From the national NAACP website:

BALTIMOREThe NAACP Travel Advisory for the state of Missouri, effective through August 28th, 2017, calls for African American travelers, visitors and Missourians to pay special attention and exercise extreme caution when traveling throughout the state given the series of questionable, race-based incidents occurring statewide recently, and noted therein.

Nearly three years ago, racial bias in Missouri seized national headlines after Michael Brown was shot by a police officer in Ferguson, Mo., prompting widespread protests. More recently, however, there have been other disturbing incidents, such as death threats to black students at the University of Missouri in Columbia, black drivers being 75% more likely to be stopped and searched than white drivers.

Then there was Senate bill #43 signed in June that says a terminated employee must prove that racial bias was the sole reason for his or her termination, rather than simply a contributing factor.  Additionally, it removes protections for state employees — and limits punitive damages for victims of workplace discrimination. In April, the head of the Missouri NAACP tried to express his concerns about the measure at a hearing. As soon as he compared it to Jim Crow, the Republican committee chair ordered his microphone turned off. The bill was passed 98-30 and Governor Eric Greitens quickly signed it into law.

Then there are the murders.  The chart below showing a summary of homicides by age, race and gender this year as of August 1, tells the tale …

Missouri-stats.pngThe PDF showing the full chart can be found here.

The most high-profile case was that of Tory Sanders, a black man from Tennessee, traveling through Missouri who had the misfortune to run out of gas on May 5th. He walked to the nearest convenience store, was not clear where he was and tried to talk to the police officer who happened to be in the convenience store at the time. But instead of helping Mr. Sanders, the officer arrested him.  Accused of no crime, he was nonetheless jailed and subjected to pepper spray and the use of a stun gun at least three times by jail staff.  The details are sketchy and conflicting from one news source to another, but the bottom line is that by the end of the day, Mr. Sanders was dead.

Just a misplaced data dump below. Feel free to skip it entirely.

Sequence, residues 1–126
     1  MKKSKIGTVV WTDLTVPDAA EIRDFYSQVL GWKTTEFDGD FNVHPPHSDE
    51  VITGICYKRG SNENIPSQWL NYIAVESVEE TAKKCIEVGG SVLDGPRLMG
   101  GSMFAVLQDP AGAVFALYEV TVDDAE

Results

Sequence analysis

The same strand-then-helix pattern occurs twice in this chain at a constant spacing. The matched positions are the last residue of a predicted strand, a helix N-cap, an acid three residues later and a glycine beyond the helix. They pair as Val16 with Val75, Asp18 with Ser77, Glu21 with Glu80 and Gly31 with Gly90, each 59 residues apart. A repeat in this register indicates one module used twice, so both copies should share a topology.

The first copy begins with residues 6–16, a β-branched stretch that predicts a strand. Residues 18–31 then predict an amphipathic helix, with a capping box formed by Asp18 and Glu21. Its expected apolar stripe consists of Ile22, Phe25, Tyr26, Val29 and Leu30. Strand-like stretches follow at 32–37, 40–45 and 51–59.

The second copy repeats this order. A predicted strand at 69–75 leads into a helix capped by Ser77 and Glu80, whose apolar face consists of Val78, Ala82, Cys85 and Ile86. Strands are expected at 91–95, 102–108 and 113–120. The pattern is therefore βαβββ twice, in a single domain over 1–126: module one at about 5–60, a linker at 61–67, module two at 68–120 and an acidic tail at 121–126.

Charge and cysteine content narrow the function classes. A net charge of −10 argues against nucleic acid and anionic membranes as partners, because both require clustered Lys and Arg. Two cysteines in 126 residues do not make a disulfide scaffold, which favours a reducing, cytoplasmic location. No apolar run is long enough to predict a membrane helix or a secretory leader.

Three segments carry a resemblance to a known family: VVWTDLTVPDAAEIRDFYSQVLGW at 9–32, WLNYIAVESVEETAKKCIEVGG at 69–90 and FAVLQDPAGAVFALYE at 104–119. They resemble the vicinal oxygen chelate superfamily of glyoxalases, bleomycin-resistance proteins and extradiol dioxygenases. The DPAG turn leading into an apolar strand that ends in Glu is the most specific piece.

The struggle for equality has been long and hard for African-Americans.  Brown v. Board of Education, the death of Emmett Till, the Montgomery bus boycott, the Little Rock Nine, Freedom Rides, voter registration fights, to name just a few.  Are we to return to the day when African-Americans must sit at the back of the bus, must use separate facilities?  Is that where we are heading?  Under Donald Trump and Attorney General Jeff Sessions, it seems chillingly possible.

Just this week in the news the Attorney General’s office announced that the administration is preparing to redirect resources of the Justice Department’s civil rights division toward investigating and suing universities over affirmative action admissions policies deemed to discriminate against white applicants.  This is an abomination, and one which I will write more about at a later date.  Meanwhile, we have crimes against blacks on the rise, and a so-called Justice Department that is, at the very least, unconcerned, and at the worst, willing to roll back many of the rights African-Americans fought and died for over the last six decades.

Missouri’s state nickname is the “Show-Me State”.  I think it is high time someone “show” Missouri that African-Americans are people just like any others, deserving of fair treatment and respect.